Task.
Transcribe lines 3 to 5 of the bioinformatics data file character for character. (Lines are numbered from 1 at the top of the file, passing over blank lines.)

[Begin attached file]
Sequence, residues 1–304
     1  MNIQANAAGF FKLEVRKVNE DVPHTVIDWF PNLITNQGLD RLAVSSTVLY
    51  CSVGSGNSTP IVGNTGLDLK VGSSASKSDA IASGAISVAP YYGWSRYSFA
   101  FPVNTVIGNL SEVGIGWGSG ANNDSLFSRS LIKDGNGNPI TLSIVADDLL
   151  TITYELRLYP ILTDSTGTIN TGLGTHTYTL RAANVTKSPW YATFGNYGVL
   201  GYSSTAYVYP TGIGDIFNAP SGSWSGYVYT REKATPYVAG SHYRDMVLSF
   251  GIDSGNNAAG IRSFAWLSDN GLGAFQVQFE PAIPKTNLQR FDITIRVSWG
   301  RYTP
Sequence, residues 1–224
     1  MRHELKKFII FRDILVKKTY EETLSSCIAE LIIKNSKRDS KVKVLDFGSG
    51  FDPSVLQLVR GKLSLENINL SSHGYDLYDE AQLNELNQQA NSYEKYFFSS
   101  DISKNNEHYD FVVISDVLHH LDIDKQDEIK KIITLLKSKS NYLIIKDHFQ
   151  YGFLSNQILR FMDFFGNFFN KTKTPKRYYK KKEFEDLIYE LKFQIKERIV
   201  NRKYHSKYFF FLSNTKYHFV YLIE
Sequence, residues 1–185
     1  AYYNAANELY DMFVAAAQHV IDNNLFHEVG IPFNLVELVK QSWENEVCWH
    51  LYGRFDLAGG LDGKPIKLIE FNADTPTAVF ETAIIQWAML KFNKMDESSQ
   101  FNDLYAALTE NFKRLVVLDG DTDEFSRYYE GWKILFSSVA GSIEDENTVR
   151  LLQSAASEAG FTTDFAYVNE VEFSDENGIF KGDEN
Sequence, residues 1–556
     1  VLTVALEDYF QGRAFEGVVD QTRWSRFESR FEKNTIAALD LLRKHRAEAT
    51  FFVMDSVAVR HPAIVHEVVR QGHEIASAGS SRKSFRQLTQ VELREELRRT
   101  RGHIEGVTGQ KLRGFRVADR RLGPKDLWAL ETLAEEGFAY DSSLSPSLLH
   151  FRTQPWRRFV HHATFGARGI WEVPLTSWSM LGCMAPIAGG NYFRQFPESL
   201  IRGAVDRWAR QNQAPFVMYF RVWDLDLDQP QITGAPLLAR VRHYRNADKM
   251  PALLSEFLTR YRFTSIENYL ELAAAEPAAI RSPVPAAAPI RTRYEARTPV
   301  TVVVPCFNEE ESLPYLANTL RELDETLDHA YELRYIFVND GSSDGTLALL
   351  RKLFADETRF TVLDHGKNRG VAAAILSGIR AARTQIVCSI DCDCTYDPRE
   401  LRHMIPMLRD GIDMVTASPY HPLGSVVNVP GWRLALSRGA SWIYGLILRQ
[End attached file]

    51  CSVGSGNSTP IVGNTGLDLK VGSSASKSDA IASGAISVAP YYGWSRYSFA
   101  FPVNTVIGNL SEVGIGWGSG ANNDSLFSRS LIKDGNGNPI TLSIVADDLL
   151  TITYELRLYP ILTDSTGTIN TGLGTHTYTL RAANVTKSPW YATFGNYGVL